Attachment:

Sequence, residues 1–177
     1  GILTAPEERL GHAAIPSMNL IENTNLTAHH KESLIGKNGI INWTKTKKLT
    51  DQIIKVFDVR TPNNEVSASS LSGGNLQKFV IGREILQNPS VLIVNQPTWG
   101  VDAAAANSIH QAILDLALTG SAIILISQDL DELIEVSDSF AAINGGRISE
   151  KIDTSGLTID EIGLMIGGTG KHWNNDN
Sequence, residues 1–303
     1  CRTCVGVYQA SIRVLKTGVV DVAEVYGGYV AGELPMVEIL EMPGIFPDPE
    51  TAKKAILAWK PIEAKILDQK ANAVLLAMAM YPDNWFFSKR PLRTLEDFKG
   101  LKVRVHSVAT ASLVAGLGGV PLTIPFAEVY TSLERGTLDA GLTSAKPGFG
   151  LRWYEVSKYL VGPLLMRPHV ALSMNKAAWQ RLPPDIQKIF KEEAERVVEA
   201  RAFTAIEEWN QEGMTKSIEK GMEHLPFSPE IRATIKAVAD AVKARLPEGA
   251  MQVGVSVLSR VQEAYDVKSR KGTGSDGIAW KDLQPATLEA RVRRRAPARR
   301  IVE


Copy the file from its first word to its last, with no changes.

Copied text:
Sequence, residues 1–177
     1  GILTAPEERL GHAAIPSMNL IENTNLTAHH KESLIGKNGI INWTKTKKLT
    51  DQIIKVFDVR TPNNEVSASS LSGGNLQKFV IGREILQNPS VLIVNQPTWG
   101  VDAAAANSIH QAILDLALTG SAIILISQDL DELIEVSDSF AAINGGRISE
   151  KIDTSGLTID EIGLMIGGTG KHWNNDN
Sequence, residues 1–303
     1  CRTCVGVYQA SIRVLKTGVV DVAEVYGGYV AGELPMVEIL EMPGIFPDPE
    51  TAKKAILAWK PIEAKILDQK ANAVLLAMAM YPDNWFFSKR PLRTLEDFKG
   101  LKVRVHSVAT ASLVAGLGGV PLTIPFAEVY TSLERGTLDA GLTSAKPGFG
   151  LRWYEVSKYL VGPLLMRPHV ALSMNKAAWQ RLPPDIQKIF KEEAERVVEA
   201  RAFTAIEEWN QEGMTKSIEK GMEHLPFSPE IRATIKAVAD AVKARLPEGA
   251  MQVGVSVLSR VQEAYDVKSR KGTGSDGIAW KDLQPATLEA RVRRRAPARR
   301  IVE